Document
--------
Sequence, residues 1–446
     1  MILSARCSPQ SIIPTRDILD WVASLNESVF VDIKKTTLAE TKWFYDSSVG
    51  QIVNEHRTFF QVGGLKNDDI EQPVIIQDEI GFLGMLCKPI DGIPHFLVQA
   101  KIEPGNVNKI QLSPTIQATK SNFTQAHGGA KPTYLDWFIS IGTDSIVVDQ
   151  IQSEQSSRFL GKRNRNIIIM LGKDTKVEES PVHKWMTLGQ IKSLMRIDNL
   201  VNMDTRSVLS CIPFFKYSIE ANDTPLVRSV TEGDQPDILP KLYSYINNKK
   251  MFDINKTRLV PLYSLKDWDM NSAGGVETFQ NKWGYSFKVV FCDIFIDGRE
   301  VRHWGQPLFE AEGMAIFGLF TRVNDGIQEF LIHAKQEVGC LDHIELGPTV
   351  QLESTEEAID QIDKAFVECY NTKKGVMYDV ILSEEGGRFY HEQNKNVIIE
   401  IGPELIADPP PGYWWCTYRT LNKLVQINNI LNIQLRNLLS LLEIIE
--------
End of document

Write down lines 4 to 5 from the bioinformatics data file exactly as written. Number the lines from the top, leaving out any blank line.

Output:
   101  KIEPGNVNKI QLSPTIQATK SNFTQAHGGA KPTYLDWFIS IGTDSIVVDQ
   151  IQSEQSSRFL GKRNRNIIIM LGKDTKVEES PVHKWMTLGQ IKSLMRIDNL